Underground Airlines by Ben H. Winters
My rating: 5 of 5 stars
This one took me by surprise. I remember the hype and the acclaim, but I’ll be honest, I didn’t rush to get it at full price because I’m skeptical of books about race and the experience of Blackness in America written by white writers. What could they possibly claim to truly understand about this subject? I know, white critics will almost always say that books about race are well-written as long as they recognize what they will call “our common humanity” or … “express the universal themes of love, the need for self-determination …” blah, blah, blah. And that, to me, is usually based on the arrogant assumption that everything seen from the perspective of whiteness is an accurate view. But this book was different in one key way, it reimagines America as a place where there are four states (“The Hard Four”) where slavery is still legal. Since purely speculative, I was willing to dive in. The author couldn’t very well “get it wrong” except that potentially he might make missteps in imagining the way a Black man might think. Well, in my opinion, he made no such missteps.
In this reimagined history, following the assassination of Abraham Lincoln, a compromise was reached where slavery could be preserved in some Southern states. Now, in the approximate present-day, America is a very different place as a result, ostracized by the international community and rife with laws and regulations that manage this precarious arrangement of a “United” States where some have Persons Bound to Labor (called “PBs”) and some have free Blacks. The South is prosperous (all that free labor, y’know) and the North is plagued with economic difficulties, though Blacks are, ostensibly, “free”.
The main protagonist, “Victor” is a Black “slavecatcher” working for the U.S. Marshal’s service, using his cunning and his own history as a former PB to retrieve runaways and return them to their “owners”. He does this work not out of choice, but to preserve his own limited freedom. Of course, because of this, he is tortured and conflicted, though he often tells himself that he is not. He recalls the only love he had in his life, his older brother Castle, who while they were enslaved, worked hard to remind Victor of their humanity. But, as fascinating and action-filled as the plot was (and it was) I was most impressed by Ben Winters’ grasp of the intricacies of race relations, not from the perspective of a white person, but from that of a Black man. Victor, for instance, cynically makes references to the system that whites have put into place to identify the many shades of Black skin (in this new universe, depicted in a color chart for purposes of identification of runaways by complexion as well as other defining characteristics); and he considers the many ways that Black people might respond to the bondage, be it psychological (like his) or literal (like the men and women he captures). Through Victor, I get the sense the author truly dug uncommonly deep to try to understand the experience of Blackness in America.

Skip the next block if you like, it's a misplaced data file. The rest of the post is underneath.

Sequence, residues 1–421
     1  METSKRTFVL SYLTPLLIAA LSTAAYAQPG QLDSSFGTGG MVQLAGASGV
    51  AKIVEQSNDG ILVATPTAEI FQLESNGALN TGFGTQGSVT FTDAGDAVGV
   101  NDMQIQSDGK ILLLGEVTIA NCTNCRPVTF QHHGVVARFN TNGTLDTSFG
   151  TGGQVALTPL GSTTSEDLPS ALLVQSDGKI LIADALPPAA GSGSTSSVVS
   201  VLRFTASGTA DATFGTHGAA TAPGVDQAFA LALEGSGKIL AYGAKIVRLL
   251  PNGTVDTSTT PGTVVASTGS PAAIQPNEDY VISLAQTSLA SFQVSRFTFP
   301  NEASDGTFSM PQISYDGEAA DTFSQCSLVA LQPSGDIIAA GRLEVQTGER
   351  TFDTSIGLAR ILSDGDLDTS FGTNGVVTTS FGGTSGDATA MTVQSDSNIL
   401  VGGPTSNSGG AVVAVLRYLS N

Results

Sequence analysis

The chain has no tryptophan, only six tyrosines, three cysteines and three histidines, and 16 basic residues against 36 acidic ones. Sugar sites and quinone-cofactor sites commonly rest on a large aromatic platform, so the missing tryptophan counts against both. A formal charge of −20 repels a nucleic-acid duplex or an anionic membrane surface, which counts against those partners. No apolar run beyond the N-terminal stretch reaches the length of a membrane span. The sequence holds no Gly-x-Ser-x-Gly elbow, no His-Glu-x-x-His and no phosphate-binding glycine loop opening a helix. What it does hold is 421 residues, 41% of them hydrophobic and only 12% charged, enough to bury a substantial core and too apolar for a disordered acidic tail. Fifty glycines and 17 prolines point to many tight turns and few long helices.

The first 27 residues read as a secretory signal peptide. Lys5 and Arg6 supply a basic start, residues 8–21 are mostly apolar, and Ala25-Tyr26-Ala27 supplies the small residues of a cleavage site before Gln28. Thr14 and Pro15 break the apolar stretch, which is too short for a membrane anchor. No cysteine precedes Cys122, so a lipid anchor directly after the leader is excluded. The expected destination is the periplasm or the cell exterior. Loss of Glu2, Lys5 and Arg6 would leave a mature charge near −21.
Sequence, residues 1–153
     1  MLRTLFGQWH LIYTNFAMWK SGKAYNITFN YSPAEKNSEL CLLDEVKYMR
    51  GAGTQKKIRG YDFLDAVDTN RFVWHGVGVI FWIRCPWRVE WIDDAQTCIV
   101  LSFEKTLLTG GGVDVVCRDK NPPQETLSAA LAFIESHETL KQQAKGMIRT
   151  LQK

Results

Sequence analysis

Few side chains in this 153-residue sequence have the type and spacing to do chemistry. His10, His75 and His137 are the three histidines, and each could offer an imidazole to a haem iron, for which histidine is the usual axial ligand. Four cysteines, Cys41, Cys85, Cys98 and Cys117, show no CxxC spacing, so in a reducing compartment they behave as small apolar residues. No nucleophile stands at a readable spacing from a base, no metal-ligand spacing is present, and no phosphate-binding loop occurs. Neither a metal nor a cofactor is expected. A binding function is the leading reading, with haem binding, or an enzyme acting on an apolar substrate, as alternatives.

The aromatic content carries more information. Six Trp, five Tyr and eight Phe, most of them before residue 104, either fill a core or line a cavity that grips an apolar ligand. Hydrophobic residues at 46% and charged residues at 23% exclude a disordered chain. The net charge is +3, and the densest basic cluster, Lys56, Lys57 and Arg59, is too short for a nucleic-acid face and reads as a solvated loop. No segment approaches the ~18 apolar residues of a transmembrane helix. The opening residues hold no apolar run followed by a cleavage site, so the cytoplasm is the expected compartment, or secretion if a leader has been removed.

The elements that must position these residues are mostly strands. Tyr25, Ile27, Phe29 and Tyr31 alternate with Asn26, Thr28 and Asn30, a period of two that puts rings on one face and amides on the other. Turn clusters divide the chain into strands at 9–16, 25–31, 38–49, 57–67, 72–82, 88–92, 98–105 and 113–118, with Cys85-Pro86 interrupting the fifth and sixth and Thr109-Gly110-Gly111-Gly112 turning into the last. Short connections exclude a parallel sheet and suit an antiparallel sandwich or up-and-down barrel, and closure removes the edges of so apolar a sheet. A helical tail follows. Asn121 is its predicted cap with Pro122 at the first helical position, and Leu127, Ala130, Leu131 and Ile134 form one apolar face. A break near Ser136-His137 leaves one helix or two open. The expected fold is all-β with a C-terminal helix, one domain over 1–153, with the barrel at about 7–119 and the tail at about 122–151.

And finally, the language and imagery was so beautifully done that I couldn’t help but admire that as well. I highlighted many more passages than I usually do when I read. This one, I think I may get in print as well. It feels like the kind of book I will want to read again. Highly recommended for lovers of speculative and literary fiction.
Audible note: I listened to, as well as read this as an ebook. It was so exceptionally done that I had to look up the narrator. He has some serious industry bona fides. I don’t think I’ve listened to a book that was better narrated than this one. His inflection and understanding of the character’s emotions were incredible. Clearly, he read the book from beginning to end before he attempted to narrate it, because from the very first paragraph, his voice told us something about Victor and who he was that would only later be revealed in the plot.
View all my reviews